…that my blog doesn’t have nearly enough arctic fox or eighties hair-metal references.
I live to serve.
…that my blog doesn’t have nearly enough arctic fox or eighties hair-metal references.
I live to serve.
…is one thing.
Doing all 100 in one 12 minute take, and with only one little tiny flub?
Now that is impressive.
…I’ve pondered the idea of this band covering this song:
…although it was more one of those “what if Napoleon had a B-52 at Waterloo” sorts of things.
Oh, yeah – it’s the E Street Band playing “Highway to Hell” in Perth Australia, as a tribute to native Perthian Bon Scott.
(Closed circuit to Tom Morello; lower your damn guitar. You look like you need more fiber in your diet with your guitar cinched up around your ribcage. That is all).
Leni Riefenstahl was the world’s first notable female filmmaker, and the greatest female filmmaker of the 20th century. She created innovations in the technique and aesthetics of film still used not only in cinema, but in the filming of crowds and athletic events; some of the techniques you see at the Super Bowl are evolutions of techniques Riefenstahl pioneered in filming the 1936 Olympics.
But it’s not considered polite to applaud Riefenstahl in public with out an emphatic verbal “asterisk”, because of her association with the Nazi Party. Her best-known work, Triumph Des Willens (Triumph of the Will) is an epic documentary and one of the world’s best known and most influential pieces of propaganda.
And so Riefenstahl was ostracized for the rest of her long life (she died at age 101 in 2002) as a Nazi impresario, for her association with a regime that killed 11 million people directly and triggered a war that swallowed tens of millions.
I write a fair amount about music in this blog. And when a major musical figure passes away, I often try to write something.
And in his way, Pete Seeger was one of the most important figures in popular entertainment, ever.
Not necessarily because of his music. Oh, he had a few classics of American folks music, to be sure. And dozens of forgettable songs – but that’s true for any songwriter, or any artist in any genre for that matter.
Many conservatives writing about Seeger’s passing note that he was a committed Communist. It’s true – he was, and in a way that seems straight out of Orwell, as during this episode after Stalin and Hitler signed their non-aggression pact in 1939:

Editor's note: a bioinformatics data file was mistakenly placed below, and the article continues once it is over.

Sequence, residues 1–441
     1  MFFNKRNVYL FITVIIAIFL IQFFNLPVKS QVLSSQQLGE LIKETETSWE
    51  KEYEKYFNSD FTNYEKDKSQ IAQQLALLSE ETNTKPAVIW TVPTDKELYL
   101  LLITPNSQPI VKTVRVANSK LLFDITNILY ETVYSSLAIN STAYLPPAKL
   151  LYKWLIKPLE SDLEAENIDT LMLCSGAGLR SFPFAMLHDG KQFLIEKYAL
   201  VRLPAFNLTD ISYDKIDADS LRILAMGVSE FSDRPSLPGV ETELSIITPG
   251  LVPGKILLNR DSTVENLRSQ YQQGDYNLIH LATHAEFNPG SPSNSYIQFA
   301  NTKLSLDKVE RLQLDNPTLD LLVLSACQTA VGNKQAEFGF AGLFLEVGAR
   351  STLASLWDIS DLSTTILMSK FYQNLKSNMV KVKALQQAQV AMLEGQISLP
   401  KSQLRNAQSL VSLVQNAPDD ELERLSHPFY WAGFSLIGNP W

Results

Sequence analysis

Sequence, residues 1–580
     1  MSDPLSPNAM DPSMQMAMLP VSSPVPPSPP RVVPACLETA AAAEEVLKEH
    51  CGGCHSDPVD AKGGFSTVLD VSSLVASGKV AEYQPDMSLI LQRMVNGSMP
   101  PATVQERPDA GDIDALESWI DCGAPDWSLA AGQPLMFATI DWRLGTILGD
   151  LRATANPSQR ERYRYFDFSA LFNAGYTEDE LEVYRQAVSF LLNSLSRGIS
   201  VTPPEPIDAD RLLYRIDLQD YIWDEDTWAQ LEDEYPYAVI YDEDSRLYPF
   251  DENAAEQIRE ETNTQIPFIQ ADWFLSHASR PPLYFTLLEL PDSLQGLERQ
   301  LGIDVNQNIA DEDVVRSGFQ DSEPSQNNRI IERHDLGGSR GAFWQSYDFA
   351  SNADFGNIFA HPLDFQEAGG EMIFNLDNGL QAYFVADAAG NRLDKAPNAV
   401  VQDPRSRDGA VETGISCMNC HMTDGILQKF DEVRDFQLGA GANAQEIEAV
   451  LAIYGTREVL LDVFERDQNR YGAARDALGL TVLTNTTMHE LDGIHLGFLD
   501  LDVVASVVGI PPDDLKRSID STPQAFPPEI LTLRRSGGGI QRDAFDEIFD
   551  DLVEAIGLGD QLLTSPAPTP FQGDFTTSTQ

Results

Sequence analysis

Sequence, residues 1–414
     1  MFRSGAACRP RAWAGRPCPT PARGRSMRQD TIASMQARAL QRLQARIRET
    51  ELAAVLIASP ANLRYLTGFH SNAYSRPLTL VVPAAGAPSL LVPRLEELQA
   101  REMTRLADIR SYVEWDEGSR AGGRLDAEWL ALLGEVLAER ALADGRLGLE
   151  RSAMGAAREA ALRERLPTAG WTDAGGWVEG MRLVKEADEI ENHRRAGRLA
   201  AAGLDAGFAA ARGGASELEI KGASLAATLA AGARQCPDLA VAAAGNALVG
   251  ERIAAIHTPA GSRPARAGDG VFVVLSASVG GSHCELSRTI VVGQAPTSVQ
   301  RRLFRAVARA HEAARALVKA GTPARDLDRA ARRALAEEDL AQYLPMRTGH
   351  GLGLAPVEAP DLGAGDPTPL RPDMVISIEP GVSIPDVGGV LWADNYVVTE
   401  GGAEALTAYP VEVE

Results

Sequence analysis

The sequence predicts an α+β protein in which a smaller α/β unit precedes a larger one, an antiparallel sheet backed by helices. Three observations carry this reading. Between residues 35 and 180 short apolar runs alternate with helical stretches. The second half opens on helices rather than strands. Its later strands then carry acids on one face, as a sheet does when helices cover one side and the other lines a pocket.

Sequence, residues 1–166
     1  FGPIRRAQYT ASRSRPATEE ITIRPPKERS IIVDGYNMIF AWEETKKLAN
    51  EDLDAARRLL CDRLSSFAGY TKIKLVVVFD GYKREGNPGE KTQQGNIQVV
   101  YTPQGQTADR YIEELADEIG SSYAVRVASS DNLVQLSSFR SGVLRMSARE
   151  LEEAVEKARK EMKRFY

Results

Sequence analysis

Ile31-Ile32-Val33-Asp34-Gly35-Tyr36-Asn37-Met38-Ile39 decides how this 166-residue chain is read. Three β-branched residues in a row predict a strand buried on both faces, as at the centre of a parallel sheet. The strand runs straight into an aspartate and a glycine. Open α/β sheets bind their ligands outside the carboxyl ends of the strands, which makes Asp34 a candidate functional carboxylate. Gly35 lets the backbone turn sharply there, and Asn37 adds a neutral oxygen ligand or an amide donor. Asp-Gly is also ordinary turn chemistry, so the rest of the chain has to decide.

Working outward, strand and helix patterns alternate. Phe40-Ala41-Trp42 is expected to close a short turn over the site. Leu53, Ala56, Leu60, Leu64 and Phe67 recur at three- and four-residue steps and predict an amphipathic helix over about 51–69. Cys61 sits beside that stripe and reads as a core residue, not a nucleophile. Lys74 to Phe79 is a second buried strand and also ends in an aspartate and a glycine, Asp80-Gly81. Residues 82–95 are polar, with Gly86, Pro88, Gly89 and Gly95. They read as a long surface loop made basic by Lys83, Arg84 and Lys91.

In the “John Doe” album, Mr. Seeger accused FDR of being a warmongering fascist working for J.P. Morgan. He sang, “I hate war, and so does Eleanor, and we won’t be safe till everybody’s dead.”…The film does not tell us what happened in 1941, when — two months after “John Doe” was released — Hitler broke his pact with Stalin and invaded the Soviet Union. As good communists, Mr. Seeger and his Almanac comrades withdrew the album from circulation, and asked those who had bought copies to return them. A little later, the Almanacs released a new album, with Mr. Seeger singing “Dear Mr. President,” in which he acknowledges they didn’t always agree in the past, but now says he is going to “turn in his banjo for something that makes more noise,” i.e., a machine gun. As he says in the film, we had to put aside causes like unionism and civil rights to unite against Hitler.
For years, Mr. Seeger used to sing a song with a Yiddish group called “Hey Zhankoye,” which helped spread the fiction that Stalin’s USSR freed the Russian Jews by establishing Jewish collective farms in the Crimea. Singing such a song at the same time as Stalin was planning the obliteration of Soviet Jewry was disgraceful. It is now decades later. Why doesn’t Mr. Seeger talk about this and offer an apology?
It’s impolite in polite society to laud Riefenstahl after her association with a regime that murdered over 10 million people. Fair enough.
So why does Seeger escape any questioning for doing so much to support a regime that may have killed five times as many?
But as Howard Husock noted in his classic essay on Seeger, his most lasting impact on American culture may have had little to do with music.
Because there was a time when Hollywood’s political ideals weren’t all that different than the rest of the country’s. Seeger was a vital part of a movement that changed all that:
Adopted at the Seventh Congress of the Communist International in 1935, the Popular Front tasked communists in the West with building “progressive” coalitions with various institutions—including political parties and labor unions—that the party had previously denounced as bourgeois and corrupt. The front reflected fears haunting Stalinist Russia at that time. “Hitler had shown a strength that made Communist predictions about his imminent collapse seem grotesque,” observed left-wing historians Irving Howe and Lewis Coser… Following this new strategy, the American Communist Party suddenly asserted that it wanted to build upon, not destroy, American institutions. “Communism is 20th century Americanism,” Earl Browder, the American party’s general secretary, enthused, while extolling Abraham Lincoln in speeches.